• Matthew- INTP
  • Tom Branson- INTP
  • Rose- ESFP


  • Carson- ISTJ
  • Mrs Hughes- ISFJ
  • John Bates- ISFJ
  • Mrs O’Brien- INTJ
  • Thomas- ENTJ
  • Anna- ENFP
  • Mrs Patmore- ESFP
  • Daisy- ISFP
  • William- ENFJ
  • Gwen- INFP
  • Ethel- ESFP
  • Alfred- ESTJ 
  • Jimmy- ESTP
  • Ivy- ISFP
  • Edna- INFJ
Posted in Characters, ENFJ, ENFP, ENTJ, ESFJ, ESFP, ESTJ, ESTP, INFJ, INTJ, INTP, ISFJ, ISFP, ISTJ | Tagged , , , , , , , | 27 Comments

Which MBTI type is the most heroic and villainous?

Heroes and villains are polar opposites in our society. Whilst the heroes represent what our society stands for, trusts and admires, the villain represents what society fears, distrusts and hates. An example of a fictional modern day hero is Superman who is looked up to and respected, whereas the Joker from Batman is a stereotypical villain; dangerous and hated because of this. But what are the stereotypical MBTI types of heroes and villains?

A stereotypical hero is perceived as a person of integrity, honour, bravery and a desire to do good for the world. Because of their ability to relate to people and shine in the crowd, without hiding anything, this makes an extroverted person popular, famous and accepted in a community. Therefore, a hero is typically an extroverted type like Superman, who shines in the spotlight, whereas a villain is typically a more introverted, behind the scenes plotter, such as Lex Luthor or Voldemort.

Typically, a fictional hero is also a sensor type as they, rather than trying to come up with new ideas to change the world, are trying to keep the system in check; in other words, they are the rule abiders, who try to prevent the evil villains visions from being played out throughout the story. It is this heroes desire to prevent the evil innovations from the villain that drives the audience to relate to them: through identifying with the sensor type, who represents the security of our society, the sanity and the common sense, compared with the severaly unhealthy intuitive villain, we can strive for the hero to win. This is evident in Game of Thrones, in which a sensor, Eddard Stark in season 1 opposes the intuitive Lannisters, the less dutiful and honorable characters who wish to control and change King’s Landing to suit themselves. Therefore, sensors are generally perceived as heroes in fiction, whereas intuitives are perceived as villains.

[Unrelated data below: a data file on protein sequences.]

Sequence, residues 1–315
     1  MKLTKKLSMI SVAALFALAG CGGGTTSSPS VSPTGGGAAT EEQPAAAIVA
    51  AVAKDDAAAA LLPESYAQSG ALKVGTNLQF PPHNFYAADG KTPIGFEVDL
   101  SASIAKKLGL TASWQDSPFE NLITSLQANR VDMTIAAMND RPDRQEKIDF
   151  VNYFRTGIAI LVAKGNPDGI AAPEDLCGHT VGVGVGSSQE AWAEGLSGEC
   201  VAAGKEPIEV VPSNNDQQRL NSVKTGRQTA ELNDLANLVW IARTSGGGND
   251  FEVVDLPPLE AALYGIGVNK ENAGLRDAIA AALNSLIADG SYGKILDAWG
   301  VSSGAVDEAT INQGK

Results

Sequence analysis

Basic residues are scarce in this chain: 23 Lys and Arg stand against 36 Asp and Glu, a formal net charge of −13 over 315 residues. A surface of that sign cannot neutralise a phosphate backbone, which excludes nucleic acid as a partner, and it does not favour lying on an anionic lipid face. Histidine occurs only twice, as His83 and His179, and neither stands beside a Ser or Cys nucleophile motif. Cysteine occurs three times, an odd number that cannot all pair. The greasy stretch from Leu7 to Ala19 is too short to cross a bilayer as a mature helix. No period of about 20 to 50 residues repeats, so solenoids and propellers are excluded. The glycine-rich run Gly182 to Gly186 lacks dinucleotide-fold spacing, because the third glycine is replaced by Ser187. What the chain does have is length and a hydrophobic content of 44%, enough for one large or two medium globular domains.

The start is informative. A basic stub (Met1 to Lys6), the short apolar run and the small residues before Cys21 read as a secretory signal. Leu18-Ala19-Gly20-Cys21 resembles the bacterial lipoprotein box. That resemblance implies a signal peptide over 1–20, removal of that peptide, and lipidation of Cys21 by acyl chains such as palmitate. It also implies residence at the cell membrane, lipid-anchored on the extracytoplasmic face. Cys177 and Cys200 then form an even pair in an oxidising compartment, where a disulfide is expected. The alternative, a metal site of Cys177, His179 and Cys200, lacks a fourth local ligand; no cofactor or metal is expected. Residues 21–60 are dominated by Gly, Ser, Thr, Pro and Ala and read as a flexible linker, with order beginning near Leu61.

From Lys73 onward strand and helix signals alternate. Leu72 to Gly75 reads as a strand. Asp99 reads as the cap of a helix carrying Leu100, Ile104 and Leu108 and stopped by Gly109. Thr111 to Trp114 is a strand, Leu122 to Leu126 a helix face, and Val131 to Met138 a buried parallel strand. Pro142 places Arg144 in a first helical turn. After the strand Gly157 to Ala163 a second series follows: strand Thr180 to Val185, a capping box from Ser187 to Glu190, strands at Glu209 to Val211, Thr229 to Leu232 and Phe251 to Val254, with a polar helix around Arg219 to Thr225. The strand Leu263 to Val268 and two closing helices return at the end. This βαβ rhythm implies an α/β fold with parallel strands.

Additionally, heroes are generally feeling types. What they are doing is for the people, and their ability to fight the evil cold hearted ways of the thinking type and their desire and concern for others makes them appear kind, filled with integrity and passionate, rather than their cold blooded arch nemesis. This makes them far easier to relate to. An example of this would be in Breaking Bad, in which noticeably, I’ve typed most of the more evil characters as the logical thinking types. Does this mean that thinkers are generally more evil than feelers? Of course not, but it is far easier to create a more resilient, tough and emotionless character who is a thinking type rather than a feeling type, and in contrast it is far easier to create a more integrity based hero who is a feeling type. So, whilst Gus and Walter are calculated, business men who are perceived as more evil, Jesse Pinkman is a feeling type, making us identify with his humanity and emotional captivation as a character than we do not find in the other characters. Therefore, fictional heroes tend to be feeling types, whereas fictional villains are generally thinking types.